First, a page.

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I have written a piece of software in Java that I would like to sell, however it is currently unsigned. When I first wrote the software it didn't matter too much, but I think OS X has upgraded since then and has gotten more strict as have web browsers and I'm now getting lots of warnings to say the file "is not commonly downloaded and may be dangerous" and OS X will not allow the app to run without changing security settings.

From what I can gather the only way to address this is to sign the application, which is fine for Windows however on OS X I'm a bit confused. I've read online that now only certificates issued by Apple are valid, but some companies like DigiCert are still advertising that there code signing certificates work on Mac and pretty much all say that they work with Java. So, if I signed my JAR files with a code signing certificate from Comodo and then used JarBundler to create an app, would it be recognized as 'safe'?

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After biting the bullet and purchasing a code signing certificate, I can now answer my own question with all certainty:

Short answer: No, the warnings don't go on OS X - although they do in web browsers.

Long(er) answer: Technically certificates from Comodo or any other certificate authority that is trusted do work on Mac and you can absolutely sign .apps with them, however how useful this is another matter. I suppose that for more advanced users it is still beneficial in that you can verify whether or not an application has been tampered with, but Apple still won't see it as being from a trusted developer - and that's where the confusion starts.

The warnings that I mentioned in my original question originate from Gatekeeper. Now, if I would have known that I wouldn't have needed to start this question but I guess if I didn't know other people won't either. Anyway Gatekeeper is something that Apple have designed to keep Mac's safe and to avoid unwanted, malicious software from entering the system. It does this by restricting what apps can be executed based upon their origin, and by default in OS X Mountain Lion and later Gatekeeper only allows the execution of Apps from the Mac App Store and trusted developers.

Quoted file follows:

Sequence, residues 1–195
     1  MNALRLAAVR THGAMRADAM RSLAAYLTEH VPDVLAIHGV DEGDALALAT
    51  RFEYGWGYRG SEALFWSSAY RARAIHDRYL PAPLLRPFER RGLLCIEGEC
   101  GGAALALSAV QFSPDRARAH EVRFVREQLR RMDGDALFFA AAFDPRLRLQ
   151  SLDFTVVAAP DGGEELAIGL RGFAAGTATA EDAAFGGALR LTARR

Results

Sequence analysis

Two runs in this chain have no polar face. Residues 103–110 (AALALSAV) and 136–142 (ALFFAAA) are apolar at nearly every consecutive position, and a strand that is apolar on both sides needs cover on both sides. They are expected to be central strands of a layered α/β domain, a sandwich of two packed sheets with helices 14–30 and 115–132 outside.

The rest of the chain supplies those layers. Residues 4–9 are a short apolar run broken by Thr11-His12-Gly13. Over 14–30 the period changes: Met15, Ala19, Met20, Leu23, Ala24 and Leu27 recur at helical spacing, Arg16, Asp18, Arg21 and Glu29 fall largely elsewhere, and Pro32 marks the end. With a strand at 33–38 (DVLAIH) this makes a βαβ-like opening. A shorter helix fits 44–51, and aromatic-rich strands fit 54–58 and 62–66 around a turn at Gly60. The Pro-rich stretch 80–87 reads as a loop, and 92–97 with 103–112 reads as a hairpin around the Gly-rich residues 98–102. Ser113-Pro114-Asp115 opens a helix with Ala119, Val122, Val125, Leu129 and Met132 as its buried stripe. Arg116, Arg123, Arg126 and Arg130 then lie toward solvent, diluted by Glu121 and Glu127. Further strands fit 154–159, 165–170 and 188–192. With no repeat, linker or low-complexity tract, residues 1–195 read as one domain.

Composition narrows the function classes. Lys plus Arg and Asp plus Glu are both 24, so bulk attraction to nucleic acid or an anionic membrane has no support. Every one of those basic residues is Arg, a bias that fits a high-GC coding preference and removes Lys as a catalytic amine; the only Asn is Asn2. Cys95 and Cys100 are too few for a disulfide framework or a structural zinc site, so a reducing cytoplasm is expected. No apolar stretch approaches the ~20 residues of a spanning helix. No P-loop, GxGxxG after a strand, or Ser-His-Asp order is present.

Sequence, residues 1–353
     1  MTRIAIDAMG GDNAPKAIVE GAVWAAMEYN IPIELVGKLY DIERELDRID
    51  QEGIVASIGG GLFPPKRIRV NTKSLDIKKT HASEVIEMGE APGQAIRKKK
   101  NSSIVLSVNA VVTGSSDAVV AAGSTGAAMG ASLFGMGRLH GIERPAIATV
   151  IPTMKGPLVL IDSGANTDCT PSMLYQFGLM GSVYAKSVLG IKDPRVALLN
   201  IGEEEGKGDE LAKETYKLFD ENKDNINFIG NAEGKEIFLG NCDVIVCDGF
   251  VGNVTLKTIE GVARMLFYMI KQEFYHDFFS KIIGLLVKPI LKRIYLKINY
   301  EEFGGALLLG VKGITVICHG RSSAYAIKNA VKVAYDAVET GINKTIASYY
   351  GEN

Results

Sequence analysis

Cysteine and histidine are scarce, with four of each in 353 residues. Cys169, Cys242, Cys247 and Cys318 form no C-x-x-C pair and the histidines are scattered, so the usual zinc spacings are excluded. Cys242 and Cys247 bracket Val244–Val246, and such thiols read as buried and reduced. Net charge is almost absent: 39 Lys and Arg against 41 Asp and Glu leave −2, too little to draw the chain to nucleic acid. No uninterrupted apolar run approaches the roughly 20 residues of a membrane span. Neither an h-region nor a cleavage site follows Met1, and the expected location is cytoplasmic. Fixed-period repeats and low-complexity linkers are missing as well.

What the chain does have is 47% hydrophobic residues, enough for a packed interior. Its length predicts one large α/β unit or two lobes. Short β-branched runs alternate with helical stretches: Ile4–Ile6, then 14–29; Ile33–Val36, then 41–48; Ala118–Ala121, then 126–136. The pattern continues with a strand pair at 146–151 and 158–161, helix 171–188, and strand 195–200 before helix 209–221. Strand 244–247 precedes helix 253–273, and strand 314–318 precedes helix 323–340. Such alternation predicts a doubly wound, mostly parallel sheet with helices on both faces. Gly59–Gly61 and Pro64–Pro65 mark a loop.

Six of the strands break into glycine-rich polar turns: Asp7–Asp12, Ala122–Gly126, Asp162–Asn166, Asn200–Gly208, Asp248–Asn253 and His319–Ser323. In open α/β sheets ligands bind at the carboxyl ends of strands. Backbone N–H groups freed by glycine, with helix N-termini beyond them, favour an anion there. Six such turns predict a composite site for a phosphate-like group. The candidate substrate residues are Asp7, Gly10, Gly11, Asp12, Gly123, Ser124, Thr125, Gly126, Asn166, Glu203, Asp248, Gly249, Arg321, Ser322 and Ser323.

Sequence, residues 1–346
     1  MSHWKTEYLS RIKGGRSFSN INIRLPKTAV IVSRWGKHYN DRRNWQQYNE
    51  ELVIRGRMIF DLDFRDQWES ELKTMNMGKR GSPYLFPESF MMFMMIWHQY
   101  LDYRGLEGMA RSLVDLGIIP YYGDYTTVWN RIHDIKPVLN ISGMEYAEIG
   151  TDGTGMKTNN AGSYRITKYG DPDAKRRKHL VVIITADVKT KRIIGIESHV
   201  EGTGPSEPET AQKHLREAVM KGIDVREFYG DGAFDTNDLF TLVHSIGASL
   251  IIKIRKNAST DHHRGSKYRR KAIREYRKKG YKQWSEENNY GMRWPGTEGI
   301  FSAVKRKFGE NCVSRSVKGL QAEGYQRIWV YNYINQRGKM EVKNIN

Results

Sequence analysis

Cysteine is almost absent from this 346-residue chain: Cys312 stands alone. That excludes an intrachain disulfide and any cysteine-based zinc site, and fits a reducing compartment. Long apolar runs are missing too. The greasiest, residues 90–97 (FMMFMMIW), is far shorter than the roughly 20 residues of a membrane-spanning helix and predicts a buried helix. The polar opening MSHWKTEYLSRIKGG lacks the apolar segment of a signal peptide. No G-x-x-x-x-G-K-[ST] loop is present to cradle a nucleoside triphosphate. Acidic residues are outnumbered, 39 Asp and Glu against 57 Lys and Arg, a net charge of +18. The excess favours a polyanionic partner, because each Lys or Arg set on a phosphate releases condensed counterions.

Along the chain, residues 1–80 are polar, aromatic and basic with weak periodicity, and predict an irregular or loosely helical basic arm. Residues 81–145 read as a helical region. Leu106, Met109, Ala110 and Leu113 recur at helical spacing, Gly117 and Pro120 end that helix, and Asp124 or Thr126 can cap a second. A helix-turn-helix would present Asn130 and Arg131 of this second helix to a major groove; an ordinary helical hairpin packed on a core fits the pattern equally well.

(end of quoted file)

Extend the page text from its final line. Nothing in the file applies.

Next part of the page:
To become a trusted developer however, it takes more than just signing code with any old certificate. Trusted developers have Developer ID's, given to them by Apple, and their code signing certificate contains this Developer ID; again the only certificates to be able to hold a Developer ID are those issued by Apple.

So, when people tell you that Apple only trust themselves, that's not true. They trust certificates issued by most certificate authorities just not in the same way as Windows and signing you app does not mean you're a trusted developer. For that, you have to pay Apple $99/year.

In all fairness, you do get a lot for that $99 and it does make some sense for it to be this way. It's frustrating for developers, but safer for users! Users can bypass Gatekeeper for individual apps, so if you're only planning on releasing one app for OS X or something then perhaps providing instructions on how to this might be a better option for you.

PS: After a lot of emails to the Comodo support team, I finally received this statement from them to confirm all of this:

While our certificates work perfectly fine with signing .app files, it does not give you an Apple Developer ID to designate that you are an Identified Developer by Apple, as only Apple provides developer IDs for Mac and iOS applications.

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Your JAR files will be considered as Safe once you sign it using Comodo Code Signing Certificate.

Comodo Code Signing Certificate is compatible with Mac OS, Linux, Windows, so you will not get any warning or alert message in your OS X.

This article will help you to understand how Comodo Code Signing certificate secure .Jar files - https://support.comodo.com/index.php?/Default/Knowledgebase/Article/View/531/7/signing-jar-files

  • That sounds great, but what's all this I'm reading about Apple only allowing certificates issued by them to be used? – Andy Aug 19 '15 at 9:01
  • Apple will trust your Software/app if it is signed from one of the trusted certificate authorities as Comodo, Symantec, Thawte, etc... – Jake Adley Aug 20 '15 at 5:54
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    This is incorrect. A Developer ID is required to sign an app for Gatekeeper. – grg May 10 '17 at 9:05

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